In the end, Jews For Andy’s scrappy efforts wouldn’t be nearly enough. Before AIPAC’S money came in, Levin and Stevens were running head-to-head in the polls. On August 2nd, Election Day, Stevens crushed Levin by nearly twenty points.

AIPAC’s Next Steps

Levin did not comment for this story. Just before his loss, he told Mehdi Hassan, “AIPAC can’t stand the idea that I am the clearest, strongest Jewish voice in Congress standing for a simple proposition: that there is no way to have a secure, democratic homeland for the Jewish people unless we achieve the political and human rights of the Palestinian people. That’s it.”

As civilian deaths continue to rise in Gaza and as calls for ceasefire continue to be ignored, it’s hard not to wonder what impact Levin might have if he were in the House. For her part, Stevens has used her platform to call for the release of Israeli hostages held by Hamas but not to push for relief for Gaza.

“The past few weeks have been extremely painful for me to watch as a Jewish person in America seeing the Israelis and the Palestinians who are subject to this awful violence,” Teitel says. “To have my now-congresswoman not being able to see Palestinians for who they are — which is humans — has been nothing short of disappointing.”

Of the 22 Democrats who voted to censure Tlaib, all but four have taken AIPAC money. Meanwhile, other Democrats are likely aware that if they say anything critical about Israeli policy they could become an AIPAC target. The AIPAC-aligned DMFI is already spending money against Tlaib and backing primary opponents for others who haven’t supported Israel’s war.

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For Borgwardt, the Michigan 11th District primary race demonstrated that AIPAC’s was not what it claims to be. “AIPAC is not a Jewish lobby, nor even a pro-Israel lobby,” she says. “It is primarily a vehicle for Republican billionaires to support the settlement movement and an antidemocratic, far-right vision for both Israel and the U.S. And it is willing to destroy anyone, including and especially American Jews, who get in its way.”

J Street supported Levin in the Michigan congressional race but wasn’t able to match the money AIPAC was spending. J Street’s Bayroff says AIPAC’s support of Israel has actually harmed regular Israelis. “The people in power right now [in Israel] have said for decades, ‘We’re gonna keep you safe with no political solution, no Palestinian state, no diplomacy — we’re gonna weaken moderate Palestinians and empower extremist leaders,’” he says, adding that the October 7 attacks have proven that tactic “to be a complete and total failure.”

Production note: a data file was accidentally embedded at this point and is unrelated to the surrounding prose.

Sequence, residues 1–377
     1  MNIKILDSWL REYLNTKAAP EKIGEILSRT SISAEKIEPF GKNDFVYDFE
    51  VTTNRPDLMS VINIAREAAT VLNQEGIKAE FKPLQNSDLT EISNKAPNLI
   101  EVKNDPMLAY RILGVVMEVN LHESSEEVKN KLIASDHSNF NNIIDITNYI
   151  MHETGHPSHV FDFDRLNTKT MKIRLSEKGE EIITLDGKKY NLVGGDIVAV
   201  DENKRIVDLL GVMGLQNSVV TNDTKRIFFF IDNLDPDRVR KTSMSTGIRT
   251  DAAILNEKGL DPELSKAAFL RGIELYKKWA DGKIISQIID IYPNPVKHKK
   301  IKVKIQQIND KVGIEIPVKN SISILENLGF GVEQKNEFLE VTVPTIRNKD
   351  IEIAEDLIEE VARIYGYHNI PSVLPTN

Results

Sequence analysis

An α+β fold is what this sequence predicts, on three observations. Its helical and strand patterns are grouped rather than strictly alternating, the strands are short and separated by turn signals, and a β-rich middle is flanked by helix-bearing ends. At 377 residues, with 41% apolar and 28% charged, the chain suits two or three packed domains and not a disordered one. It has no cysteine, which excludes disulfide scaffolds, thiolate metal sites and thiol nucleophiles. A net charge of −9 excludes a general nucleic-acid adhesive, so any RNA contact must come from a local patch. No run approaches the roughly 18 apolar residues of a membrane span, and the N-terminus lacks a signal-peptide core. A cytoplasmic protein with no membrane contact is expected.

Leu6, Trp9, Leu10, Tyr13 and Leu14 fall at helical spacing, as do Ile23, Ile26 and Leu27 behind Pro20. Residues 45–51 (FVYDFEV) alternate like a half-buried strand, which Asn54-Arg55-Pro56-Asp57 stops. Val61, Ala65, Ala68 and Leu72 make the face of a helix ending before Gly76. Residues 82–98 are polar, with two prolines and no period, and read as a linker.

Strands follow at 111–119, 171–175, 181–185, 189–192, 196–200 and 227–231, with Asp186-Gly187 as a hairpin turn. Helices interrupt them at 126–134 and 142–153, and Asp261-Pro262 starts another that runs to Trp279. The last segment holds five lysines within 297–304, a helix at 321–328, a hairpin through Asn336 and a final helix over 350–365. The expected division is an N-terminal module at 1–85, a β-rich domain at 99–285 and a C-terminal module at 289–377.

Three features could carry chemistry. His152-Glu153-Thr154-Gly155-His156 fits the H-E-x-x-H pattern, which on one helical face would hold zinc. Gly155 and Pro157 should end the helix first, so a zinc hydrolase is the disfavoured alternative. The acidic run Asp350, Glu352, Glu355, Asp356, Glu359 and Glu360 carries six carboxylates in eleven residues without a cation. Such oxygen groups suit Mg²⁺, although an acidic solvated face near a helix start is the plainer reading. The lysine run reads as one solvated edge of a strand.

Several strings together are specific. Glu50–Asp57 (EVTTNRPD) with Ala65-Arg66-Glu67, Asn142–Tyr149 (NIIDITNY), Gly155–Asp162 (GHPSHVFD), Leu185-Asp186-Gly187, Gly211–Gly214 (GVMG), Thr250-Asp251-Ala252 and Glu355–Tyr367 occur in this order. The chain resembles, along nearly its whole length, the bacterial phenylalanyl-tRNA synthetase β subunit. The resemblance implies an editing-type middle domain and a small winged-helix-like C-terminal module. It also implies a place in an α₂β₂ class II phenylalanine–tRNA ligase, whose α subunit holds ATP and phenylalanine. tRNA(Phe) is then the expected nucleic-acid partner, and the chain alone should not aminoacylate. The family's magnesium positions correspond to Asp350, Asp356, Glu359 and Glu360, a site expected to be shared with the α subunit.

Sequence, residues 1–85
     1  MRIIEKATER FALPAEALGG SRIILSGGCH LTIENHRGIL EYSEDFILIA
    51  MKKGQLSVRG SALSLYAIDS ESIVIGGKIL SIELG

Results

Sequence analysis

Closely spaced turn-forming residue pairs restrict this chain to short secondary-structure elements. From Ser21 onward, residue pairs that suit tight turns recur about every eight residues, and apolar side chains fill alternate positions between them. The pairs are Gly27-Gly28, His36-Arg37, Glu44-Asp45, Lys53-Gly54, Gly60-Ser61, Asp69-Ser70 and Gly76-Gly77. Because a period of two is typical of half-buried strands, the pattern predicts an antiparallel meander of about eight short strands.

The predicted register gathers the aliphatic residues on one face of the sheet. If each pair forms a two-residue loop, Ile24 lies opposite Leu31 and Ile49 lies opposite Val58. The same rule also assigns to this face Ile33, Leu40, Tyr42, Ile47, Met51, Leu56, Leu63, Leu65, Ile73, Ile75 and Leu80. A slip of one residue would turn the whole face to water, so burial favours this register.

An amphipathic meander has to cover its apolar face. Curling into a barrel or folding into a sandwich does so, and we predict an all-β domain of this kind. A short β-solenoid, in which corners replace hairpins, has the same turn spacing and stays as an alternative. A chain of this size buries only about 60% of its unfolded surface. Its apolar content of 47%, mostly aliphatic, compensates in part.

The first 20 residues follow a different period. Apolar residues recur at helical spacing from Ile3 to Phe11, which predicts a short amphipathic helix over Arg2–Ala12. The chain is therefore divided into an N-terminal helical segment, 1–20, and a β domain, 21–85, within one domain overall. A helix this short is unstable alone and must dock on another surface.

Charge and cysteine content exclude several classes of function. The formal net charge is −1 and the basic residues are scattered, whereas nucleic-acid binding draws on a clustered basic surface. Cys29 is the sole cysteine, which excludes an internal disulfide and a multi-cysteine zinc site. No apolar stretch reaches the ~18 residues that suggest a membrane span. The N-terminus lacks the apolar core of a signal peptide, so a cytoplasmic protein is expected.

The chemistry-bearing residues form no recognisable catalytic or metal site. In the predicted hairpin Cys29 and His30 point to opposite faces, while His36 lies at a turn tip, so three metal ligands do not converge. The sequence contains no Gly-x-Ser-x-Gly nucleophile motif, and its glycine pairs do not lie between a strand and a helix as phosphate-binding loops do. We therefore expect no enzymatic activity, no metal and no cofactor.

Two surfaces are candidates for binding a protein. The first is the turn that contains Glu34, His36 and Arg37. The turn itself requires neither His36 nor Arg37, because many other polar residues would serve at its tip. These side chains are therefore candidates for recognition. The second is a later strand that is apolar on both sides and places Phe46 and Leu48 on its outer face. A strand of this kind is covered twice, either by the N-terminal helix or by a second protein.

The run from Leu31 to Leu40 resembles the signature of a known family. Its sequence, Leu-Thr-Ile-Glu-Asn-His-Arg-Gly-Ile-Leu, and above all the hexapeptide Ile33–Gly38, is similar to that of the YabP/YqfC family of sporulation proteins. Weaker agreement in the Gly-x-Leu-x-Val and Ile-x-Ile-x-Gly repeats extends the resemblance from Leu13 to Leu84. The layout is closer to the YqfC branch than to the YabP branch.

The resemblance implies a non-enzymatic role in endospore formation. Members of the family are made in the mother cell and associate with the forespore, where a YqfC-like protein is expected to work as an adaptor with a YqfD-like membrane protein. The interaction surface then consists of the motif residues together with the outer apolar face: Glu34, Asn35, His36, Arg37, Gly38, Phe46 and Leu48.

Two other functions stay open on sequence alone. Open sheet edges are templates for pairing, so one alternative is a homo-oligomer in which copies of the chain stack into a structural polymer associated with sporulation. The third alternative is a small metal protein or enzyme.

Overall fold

To fight for stability, Bayroff says, “What’s needed is exactly what people like Andy Levin propose: actual compromise, actual withdrawal from settlements, an end to the occupation, and the treatment of Palestinians as a legitimate people with a legitimate right to a state.”

The night of Stevens’ primary win, AIPAC boasted: “Being pro-Israel is both good policy and good politics.” But AIPAC, of course, did not actually buy ads about Israel — they did not actually engage in a conversation about the U.S. government’s support of Israel. When reached for comment, an AIPAC spokesperson only pointed to the group’s success rate: “97 percent of [AIPAC] endorsed Democrats won their primaries.”

Miller argues that public opinion is not reflected by AIPAC or Biden or Capitol Hill. She ticks off numbers: a Data For Progress poll showing 66 percent of voters, and 80 percent of Democrats, support a ceasefire; a Quinnipiac poll showing 65 percent of voters aged 18 to 34 oppose more military aid to Israel and 80 percent support more humanitarian assistance to Gaza. And despite the US’s support of Israel, a lull in the fighting may be coming. The Washington Post is now reporting that an Israel-Hamas hostage-prisoner swap is imminent. The swap would involve a temporary ceasefire.

“AIPAC wants to make it seem fringe to support Palestinian rights,” she says, “but they won’t be able to because it’s simply not true.”

Despite the loss in Michigan’s 11th District, the experience of those who worked with Levin and Jews for Andy still reverberates — and still carries hope for the future.

Byer says that working for Levin “changed my life. It brought so many wonderful people into it. I learned so much. And he also taught me how to be a parent in activism. I still ask his advice. How do we repair the world? How do we raise our kids?”